I sit on the periphery of journalism. A PR guy who needs journalists for business purposes and appreciates a good read, too. So I have been struck that this week the biggest news stories have been, well, about news.
First there was the debacle that was Brian Williams, the NBC news anchor who misremembered how he had been shot down from an armed forces helicopter in Iraq, and then proceeded to retell the lie to any audience that would listen. By week's end he had been banned by his employer for six months. The collateral damage was a further nail in the coffin of credibility of traditional news reporting and specifically the value of broadcast news.
By Wednesday, as the Williams story dissipated, we learned that longtime investigative journalist Bob Simon had tragically died in the back of a limo. Ironic, considering he was someone who actually did report from combat zones, including Vietnam and more than 60 other combat zones around the world. Concurrently, Jon Stewart of Comedy Central's Daily Show announced he was leaving for pastures anew. Probably a smart move, but still a loss to those looking for alternative news voices. I cannot admit to being a big fan of Stewart, but you have to admire his bravado at taking on the news pillars that have been accepted as the given truth for so many years. A favourite Stewart line as he accepted one of numerous award describes his tongue in cheek smarts. "You do realize this is comedy, right?"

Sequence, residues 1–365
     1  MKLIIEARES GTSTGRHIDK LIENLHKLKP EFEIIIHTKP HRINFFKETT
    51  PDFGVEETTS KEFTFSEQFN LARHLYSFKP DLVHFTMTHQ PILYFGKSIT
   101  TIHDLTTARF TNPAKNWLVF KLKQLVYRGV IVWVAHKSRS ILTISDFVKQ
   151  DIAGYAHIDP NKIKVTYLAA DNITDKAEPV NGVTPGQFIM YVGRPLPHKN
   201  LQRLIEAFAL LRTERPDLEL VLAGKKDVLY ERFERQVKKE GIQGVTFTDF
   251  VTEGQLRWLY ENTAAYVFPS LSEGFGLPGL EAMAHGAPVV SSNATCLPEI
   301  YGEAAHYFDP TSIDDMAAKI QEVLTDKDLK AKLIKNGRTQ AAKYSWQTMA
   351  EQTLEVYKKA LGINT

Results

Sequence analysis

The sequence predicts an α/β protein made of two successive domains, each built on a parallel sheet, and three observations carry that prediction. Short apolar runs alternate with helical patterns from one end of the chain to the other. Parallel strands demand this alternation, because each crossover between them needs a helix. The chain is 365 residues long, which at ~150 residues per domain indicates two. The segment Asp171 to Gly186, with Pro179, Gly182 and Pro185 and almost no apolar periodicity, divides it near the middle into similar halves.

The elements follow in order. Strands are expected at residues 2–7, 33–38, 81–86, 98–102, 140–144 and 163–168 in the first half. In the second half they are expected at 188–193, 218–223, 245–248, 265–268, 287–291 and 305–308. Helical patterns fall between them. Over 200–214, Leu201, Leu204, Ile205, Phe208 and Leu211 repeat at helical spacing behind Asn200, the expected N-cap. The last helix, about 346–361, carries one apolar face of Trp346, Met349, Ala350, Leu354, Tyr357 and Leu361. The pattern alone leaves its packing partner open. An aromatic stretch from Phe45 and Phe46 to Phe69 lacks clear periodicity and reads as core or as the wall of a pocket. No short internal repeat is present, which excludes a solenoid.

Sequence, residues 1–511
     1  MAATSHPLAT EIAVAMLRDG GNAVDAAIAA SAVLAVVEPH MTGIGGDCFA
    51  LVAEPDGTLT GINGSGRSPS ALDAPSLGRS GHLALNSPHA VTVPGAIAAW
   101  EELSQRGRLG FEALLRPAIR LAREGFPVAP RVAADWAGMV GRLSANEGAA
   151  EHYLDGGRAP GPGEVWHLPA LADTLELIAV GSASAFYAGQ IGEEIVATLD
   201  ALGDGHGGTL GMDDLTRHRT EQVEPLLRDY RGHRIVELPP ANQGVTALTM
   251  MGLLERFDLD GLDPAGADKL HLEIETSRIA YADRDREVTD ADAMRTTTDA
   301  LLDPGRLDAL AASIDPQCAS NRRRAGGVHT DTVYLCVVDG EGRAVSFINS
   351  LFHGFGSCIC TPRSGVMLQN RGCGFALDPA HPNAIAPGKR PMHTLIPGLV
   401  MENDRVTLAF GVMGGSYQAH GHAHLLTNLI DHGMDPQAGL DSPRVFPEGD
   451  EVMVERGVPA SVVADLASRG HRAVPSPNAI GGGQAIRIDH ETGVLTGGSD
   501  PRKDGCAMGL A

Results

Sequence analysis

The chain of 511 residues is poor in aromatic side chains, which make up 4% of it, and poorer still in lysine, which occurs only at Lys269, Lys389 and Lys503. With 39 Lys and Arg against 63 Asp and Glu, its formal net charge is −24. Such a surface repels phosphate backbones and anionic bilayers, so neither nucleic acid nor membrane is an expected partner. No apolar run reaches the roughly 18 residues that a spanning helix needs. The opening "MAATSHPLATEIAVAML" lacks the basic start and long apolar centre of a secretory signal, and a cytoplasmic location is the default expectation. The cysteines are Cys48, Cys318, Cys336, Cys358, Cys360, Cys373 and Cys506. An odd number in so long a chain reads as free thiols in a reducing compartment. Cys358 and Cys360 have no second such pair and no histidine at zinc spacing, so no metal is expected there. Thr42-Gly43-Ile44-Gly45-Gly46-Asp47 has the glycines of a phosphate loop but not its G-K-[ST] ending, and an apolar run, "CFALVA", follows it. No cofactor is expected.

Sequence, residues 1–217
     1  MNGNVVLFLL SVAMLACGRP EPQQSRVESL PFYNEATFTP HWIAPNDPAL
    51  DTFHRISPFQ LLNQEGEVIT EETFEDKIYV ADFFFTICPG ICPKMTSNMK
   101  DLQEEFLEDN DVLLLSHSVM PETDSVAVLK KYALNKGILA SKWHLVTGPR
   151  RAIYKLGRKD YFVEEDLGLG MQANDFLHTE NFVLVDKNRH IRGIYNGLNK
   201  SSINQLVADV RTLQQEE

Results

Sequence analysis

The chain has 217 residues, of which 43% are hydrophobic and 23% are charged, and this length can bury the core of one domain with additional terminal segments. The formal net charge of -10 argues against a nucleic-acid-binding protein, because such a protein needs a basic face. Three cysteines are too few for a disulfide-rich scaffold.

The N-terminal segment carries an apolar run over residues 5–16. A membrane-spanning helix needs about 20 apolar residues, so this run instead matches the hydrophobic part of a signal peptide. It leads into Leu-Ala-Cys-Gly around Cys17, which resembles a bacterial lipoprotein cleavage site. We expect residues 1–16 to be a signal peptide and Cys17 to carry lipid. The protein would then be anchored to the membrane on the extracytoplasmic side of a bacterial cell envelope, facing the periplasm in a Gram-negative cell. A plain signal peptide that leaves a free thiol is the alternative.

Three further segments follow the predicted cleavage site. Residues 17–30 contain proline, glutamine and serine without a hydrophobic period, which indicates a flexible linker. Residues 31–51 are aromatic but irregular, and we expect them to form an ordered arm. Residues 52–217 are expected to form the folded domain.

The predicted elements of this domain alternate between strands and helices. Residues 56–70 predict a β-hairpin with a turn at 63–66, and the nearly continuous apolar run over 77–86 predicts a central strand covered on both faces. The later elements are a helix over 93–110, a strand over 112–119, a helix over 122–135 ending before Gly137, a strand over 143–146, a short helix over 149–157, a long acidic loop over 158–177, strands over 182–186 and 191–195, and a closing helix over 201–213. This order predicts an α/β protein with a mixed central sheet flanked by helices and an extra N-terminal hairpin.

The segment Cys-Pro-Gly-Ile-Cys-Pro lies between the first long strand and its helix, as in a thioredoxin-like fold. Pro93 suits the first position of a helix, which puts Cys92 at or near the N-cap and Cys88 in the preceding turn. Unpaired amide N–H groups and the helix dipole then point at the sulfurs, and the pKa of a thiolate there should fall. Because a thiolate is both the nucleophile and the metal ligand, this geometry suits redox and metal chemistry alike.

Just 48 hours later we learned that legendary New York Times columnist and provocateur David Carr had collapsed and died on the newsroom floor at the age of 58. This, an articulate and thoughtful man who was open about his own problems, drugs, etc, while so eloquently explaining to us why we should care about everything from pop culture to politics. As a Times reader, I regret not reading him more.
Conversely, the week ended right here in Toronto with word that 200 plus employees at the Sun News Network would lose their jobs as the station shut down. Let's not kid ourselves here, this is no great loss to the world of academia or investigative journalism, but in a democracy there needs to be a platform for an array of disparate voices, even if few follow some of them.
What to make of the craziness this week? Certainly sadness at the personal losses. But also at the loss of strong voices and good journalism. In a fast changing media landscape where truth has become so subjective we can little afford to lose the good people who help colour our world.